Xenoblade Chronicles came out on the Nintendo Wii in Japan in 2010, in Europe in 2011 and eventually in North America on April 6th, 2012. Xenoblade Chronicles is a Japanese role-playing game, has received strong reviews and is considered by many to be a gem on the console.
Nintendo of America had worked out a deal with GameStop in North America to have Xenoblade Chronicles exclusively available at GameStop locations and through GameStop’s website. No other retailer outside of GameStop can sell a copy of Xenoblade Chronicles. When the game first came out it retailed for the same price as other Wii titles at the time. In fact for months it was readily available and sales were strong. Then all of a sudden Xenoblade Chronicles couldn’t be found anywhere; copies disappeared. GameStops everywhere didn’t have any new or pre-owned copies available for sale. This drove up the demand significantly for the game, and on the secondhand market Xenoblade Chronicles was selling on sites including ebay for over $100 a copy.
Recently however Xenoblade Chronicle copies have reappeared on Gamestop’s shelves, and this time as pre-owned copies. GameStop claims that they are pre-owned copies that people have turned in. If you visit GameStop’s site www.gamestop.com you’ll even notice that they are promoting the game on their homepage. Here’s the kicker; Gamestop is asking $90 for each “pre-owned” copy. These copies however have codes in them that haven’t been used yet, and appear to be in brand new shape, other than not being shrink-wrapped.
So did magically all of a sudden all of these once very hard to find copies suddenly reappear? Or did GameStop decide to intentionally drive up the market value for the game by limiting the initial quantity available, and then release the unsold copies at a higher “market value” price of $90?
Here is GameStop’s response:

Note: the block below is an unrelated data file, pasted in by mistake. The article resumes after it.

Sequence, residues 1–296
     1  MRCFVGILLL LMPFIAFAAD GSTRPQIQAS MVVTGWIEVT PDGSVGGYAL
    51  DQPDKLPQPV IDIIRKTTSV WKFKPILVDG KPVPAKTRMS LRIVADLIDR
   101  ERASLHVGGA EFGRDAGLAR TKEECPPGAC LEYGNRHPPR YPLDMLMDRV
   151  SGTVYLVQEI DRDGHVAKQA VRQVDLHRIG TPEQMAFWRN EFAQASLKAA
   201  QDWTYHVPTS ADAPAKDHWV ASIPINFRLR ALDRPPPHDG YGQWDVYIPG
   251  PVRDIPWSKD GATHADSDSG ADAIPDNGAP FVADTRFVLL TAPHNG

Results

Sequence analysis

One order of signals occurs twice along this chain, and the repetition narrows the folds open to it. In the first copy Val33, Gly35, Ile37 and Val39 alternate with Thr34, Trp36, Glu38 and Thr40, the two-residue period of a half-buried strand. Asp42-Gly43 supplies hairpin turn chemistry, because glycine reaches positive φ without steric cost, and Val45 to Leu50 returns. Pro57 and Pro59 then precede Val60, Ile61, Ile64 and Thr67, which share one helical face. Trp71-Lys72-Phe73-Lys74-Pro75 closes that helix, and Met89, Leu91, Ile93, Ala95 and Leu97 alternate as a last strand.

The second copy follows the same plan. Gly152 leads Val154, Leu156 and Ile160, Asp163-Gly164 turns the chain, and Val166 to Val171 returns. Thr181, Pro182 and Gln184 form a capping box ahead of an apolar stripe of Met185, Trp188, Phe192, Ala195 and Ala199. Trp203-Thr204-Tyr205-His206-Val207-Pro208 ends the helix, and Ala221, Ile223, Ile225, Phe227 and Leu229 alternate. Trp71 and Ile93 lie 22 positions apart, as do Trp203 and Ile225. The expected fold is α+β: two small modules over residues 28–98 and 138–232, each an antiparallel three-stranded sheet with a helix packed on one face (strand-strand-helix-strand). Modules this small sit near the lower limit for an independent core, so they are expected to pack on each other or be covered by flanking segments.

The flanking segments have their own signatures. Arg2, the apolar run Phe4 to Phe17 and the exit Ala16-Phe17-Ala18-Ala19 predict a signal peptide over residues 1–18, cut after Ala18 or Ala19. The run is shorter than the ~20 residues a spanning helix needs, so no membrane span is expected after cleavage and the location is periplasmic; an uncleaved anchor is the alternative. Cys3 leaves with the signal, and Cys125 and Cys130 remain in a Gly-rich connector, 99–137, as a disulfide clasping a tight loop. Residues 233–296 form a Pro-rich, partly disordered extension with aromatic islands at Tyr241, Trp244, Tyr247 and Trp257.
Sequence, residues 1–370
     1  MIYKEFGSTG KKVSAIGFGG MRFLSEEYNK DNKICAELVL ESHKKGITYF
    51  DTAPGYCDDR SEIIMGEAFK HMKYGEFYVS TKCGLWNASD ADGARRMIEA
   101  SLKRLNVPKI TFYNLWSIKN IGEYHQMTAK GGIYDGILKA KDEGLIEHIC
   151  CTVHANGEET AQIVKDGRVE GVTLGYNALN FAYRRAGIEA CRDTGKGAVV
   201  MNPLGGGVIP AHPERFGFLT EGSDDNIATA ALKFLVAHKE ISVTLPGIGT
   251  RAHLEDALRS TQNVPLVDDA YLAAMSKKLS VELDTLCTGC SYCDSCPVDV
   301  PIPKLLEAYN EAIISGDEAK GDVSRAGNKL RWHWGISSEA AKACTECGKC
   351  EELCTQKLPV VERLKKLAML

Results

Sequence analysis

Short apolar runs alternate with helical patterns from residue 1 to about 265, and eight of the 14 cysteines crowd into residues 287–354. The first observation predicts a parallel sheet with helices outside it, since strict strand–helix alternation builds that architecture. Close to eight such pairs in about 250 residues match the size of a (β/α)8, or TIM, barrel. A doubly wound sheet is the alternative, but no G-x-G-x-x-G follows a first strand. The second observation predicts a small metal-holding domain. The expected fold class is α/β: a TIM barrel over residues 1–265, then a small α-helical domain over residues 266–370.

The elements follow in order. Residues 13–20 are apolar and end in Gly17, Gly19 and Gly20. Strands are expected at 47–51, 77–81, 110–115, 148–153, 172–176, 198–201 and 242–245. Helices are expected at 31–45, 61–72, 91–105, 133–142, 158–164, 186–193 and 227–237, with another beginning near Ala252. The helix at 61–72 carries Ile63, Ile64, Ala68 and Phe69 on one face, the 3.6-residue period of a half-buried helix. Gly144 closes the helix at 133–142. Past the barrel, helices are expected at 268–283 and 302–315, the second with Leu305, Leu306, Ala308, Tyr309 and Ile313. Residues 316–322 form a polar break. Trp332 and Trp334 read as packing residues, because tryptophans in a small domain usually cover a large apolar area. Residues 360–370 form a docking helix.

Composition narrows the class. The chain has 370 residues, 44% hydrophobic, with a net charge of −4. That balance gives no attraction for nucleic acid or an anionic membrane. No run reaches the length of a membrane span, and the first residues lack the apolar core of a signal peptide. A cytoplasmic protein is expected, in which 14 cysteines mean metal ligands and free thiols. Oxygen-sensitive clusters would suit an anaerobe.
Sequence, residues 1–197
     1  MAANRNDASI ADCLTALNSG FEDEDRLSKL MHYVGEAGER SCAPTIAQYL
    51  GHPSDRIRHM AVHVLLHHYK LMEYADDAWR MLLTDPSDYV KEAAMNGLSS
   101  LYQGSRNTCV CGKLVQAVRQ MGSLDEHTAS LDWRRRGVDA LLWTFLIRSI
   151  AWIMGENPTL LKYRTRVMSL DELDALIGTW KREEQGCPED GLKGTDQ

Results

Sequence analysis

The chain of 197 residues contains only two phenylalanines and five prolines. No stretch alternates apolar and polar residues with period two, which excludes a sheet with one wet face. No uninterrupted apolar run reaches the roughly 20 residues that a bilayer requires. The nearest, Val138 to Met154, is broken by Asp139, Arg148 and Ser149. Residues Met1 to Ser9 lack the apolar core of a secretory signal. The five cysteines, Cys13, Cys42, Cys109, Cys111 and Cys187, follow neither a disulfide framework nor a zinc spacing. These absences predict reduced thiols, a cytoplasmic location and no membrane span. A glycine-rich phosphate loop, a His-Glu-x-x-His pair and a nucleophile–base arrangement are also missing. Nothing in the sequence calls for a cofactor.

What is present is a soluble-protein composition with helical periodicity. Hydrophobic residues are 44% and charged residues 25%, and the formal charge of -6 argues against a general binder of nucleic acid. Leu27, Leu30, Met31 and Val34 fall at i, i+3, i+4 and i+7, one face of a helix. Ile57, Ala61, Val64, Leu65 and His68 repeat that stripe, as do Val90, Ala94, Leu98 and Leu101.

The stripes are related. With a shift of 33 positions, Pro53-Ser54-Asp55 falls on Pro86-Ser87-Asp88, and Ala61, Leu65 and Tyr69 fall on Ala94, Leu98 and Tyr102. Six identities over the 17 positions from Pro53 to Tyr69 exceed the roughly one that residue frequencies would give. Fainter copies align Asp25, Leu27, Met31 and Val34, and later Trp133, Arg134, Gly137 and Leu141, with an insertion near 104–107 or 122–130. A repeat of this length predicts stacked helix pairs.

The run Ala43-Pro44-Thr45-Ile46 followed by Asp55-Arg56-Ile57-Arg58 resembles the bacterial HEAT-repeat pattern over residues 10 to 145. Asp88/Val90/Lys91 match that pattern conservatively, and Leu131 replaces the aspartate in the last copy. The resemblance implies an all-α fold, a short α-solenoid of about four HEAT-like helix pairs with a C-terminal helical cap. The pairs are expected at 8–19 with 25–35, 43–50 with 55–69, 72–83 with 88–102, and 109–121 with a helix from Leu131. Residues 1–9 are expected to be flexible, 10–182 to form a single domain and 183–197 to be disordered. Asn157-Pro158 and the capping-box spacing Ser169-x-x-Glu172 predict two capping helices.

“Gamestop regularly receives feedback from our PowerUp members regarding old titles they would like us to bring back, such as vintage games like Xenoblade Chronicles. We were recently able to source a limited number of copies of this title to carry in our stores and online.
In fact, we have sourced several more vintage titles that will be hitting stores in the coming months, including Metroid Prime Trilogy.
As always, our pricing for these games is competitive and is based on current market value driven by supply and demand. PowerUp Pro members always receive a 10 percent discount and earn PUR points on pre-owned purchases.”
What…did GameStop seriously use the word “vintage”? Yes they did, and it even states “vintage” on their website. According to the Merriam-Webster Dictionary, the definition of the word vintage is ” a : a period of origin or manufacture<a piano of 1845 vintage>. b : length of existence.
So is a game that was released three years ago in Japan and a little over a year ago in North America considered “Vintage”? The fact that GameStop used the term “vintage” alone shows how out of touch they are with their consumer. Most gamers refer to games that are actually old and classic as “retro” and not “vintage”.